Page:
Protective effect of betulin and betulinic acid on acetaminophen and ethanol-induced cytotoxicity and reactive oxygen species production in HepG2 cells
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Department of Virology and Immunology, Maria Curie-Skłodowska University, Lublin, Poland
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Agnieszka Szuster-Ciesielska   

Department of Virology and Immunology, Maria Curie-Skłodowska University, Akademicka 19, 20-033 Lublin, Poland
J Pre Clin Clin Res. 2010;4(2):96-100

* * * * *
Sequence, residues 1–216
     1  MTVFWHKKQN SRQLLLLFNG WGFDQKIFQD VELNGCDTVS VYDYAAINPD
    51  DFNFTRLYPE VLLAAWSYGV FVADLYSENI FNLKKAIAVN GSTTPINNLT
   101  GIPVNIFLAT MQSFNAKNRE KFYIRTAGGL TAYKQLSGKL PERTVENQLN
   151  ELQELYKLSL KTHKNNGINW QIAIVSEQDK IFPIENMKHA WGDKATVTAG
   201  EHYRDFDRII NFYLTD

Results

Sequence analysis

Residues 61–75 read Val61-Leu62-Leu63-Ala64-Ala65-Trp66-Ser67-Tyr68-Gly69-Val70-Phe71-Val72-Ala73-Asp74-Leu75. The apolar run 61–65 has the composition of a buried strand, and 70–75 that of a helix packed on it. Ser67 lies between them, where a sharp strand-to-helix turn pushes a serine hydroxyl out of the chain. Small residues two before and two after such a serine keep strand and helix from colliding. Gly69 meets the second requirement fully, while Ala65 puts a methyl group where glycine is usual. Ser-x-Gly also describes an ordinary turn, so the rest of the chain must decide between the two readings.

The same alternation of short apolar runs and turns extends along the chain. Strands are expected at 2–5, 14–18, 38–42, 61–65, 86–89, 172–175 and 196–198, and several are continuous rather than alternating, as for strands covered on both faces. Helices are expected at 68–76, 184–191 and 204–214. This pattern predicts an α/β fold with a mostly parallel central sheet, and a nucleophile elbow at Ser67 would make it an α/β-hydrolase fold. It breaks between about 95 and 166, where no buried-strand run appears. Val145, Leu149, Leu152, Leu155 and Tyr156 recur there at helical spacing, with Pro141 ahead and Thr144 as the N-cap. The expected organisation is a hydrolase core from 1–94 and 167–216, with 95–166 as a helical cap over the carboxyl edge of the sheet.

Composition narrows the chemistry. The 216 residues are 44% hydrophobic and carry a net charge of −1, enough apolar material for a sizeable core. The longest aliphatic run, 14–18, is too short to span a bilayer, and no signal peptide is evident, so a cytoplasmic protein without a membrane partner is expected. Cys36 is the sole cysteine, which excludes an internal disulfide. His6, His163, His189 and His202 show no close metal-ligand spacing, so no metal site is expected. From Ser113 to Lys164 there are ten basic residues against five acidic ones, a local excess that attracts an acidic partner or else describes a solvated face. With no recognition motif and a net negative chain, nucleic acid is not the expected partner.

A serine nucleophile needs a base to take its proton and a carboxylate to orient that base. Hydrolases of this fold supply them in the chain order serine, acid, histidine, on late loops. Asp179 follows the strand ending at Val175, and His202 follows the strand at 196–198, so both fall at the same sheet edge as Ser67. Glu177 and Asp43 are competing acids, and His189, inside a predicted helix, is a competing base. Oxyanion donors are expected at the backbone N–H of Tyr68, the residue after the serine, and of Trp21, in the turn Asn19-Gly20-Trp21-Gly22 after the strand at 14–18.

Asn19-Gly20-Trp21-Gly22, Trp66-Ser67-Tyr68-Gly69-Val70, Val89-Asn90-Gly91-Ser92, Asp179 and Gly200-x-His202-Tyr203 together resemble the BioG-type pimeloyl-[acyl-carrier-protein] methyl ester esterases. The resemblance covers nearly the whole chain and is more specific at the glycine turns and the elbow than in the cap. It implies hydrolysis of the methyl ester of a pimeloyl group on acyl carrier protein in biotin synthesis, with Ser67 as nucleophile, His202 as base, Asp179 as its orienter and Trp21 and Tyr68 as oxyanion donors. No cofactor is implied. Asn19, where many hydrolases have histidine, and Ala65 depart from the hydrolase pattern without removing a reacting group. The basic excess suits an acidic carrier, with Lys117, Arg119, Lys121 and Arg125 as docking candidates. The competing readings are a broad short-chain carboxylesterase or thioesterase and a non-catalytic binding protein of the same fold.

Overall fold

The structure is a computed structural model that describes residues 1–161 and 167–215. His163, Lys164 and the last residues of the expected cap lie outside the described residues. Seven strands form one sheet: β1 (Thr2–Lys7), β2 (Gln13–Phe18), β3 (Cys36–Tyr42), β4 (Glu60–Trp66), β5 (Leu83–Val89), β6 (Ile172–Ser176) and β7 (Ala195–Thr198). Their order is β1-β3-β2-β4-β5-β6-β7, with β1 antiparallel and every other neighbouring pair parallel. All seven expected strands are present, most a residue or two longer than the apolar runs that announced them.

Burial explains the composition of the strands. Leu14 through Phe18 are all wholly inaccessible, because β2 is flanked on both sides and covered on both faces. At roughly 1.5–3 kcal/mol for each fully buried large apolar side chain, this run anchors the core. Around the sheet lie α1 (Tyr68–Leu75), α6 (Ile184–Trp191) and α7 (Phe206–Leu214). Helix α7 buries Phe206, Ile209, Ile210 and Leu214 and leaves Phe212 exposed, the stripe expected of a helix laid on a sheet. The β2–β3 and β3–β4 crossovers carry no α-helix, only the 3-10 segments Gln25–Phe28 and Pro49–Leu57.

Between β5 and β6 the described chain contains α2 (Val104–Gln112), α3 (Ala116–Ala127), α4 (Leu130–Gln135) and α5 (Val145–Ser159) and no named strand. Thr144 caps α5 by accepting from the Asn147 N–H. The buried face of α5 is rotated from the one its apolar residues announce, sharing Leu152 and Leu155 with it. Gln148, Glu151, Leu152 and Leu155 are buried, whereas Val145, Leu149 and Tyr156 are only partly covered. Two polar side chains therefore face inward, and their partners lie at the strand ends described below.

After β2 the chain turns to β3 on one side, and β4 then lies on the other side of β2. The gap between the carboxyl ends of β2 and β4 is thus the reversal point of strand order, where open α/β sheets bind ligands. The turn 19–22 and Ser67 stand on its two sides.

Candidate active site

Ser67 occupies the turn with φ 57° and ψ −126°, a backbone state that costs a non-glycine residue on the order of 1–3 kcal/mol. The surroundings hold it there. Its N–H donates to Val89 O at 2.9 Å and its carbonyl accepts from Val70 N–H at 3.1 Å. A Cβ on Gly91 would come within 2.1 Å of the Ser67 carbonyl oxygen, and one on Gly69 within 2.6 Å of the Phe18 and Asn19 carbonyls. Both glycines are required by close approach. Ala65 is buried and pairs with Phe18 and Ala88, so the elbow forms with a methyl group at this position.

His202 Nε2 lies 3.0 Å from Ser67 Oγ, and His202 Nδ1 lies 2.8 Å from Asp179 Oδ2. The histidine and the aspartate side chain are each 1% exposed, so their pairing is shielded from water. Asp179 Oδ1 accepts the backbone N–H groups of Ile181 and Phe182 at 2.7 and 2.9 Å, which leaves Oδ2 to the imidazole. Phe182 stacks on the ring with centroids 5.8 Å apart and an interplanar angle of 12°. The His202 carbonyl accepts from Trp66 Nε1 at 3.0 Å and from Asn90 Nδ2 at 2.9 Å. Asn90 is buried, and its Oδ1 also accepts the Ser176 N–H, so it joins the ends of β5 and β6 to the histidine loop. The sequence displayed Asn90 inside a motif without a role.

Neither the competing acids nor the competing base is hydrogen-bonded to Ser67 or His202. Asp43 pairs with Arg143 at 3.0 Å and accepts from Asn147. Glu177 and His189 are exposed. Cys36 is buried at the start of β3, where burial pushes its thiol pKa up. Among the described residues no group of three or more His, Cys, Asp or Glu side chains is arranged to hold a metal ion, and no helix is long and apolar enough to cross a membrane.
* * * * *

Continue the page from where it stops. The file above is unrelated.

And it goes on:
Natural triterpenoids such as ursolic and oleanolic acids have been detected to suppress enzymes which play a role in liver damage, e.g. cytochrome P450, cytochrome b5, CYP1A and CYP2A, and to increase the antioxidant substances glutathione, metallothioneins, and glutathione-S-transferase, with simultaneous protective effects on liver mitochondria. To test the hypothesis that plant triterpenes may also induce mechanisms leading to reduced production of reactive oxygen species after induction with ethanol and acetaminophen, the cytoprotective effect of two plant triterpenes, betulin and its oxidized form, betulinic acid, was compared. Acetaminophen alone at concentrations between 25-250 µg/ml exhibited dose-dependent cytotoxicity for HepG2 cells. When a mixture of 25 µg/ml of acetaminophen was mixed with different concentrations of 5-50 mM of ethanol, an additional increase in the toxicity was observed, depending on the ethanol concentration used. Acetaminophen alone was detected as a strong inducer of superoxide anion in HepG2 cells. Moreover, the mixture of acetaminophen with ethanol induced significantly more superoxide anion than acetaminophen and ethanol alone. When betulin or betulinic acid were preincubated with HepG2 cells the level of superoxide anion and hydrogen peroxide was significantly lower than in respective controls. Betulin, in comparison to betulinic acid, was a stronger inhibitor of oxidative burst.
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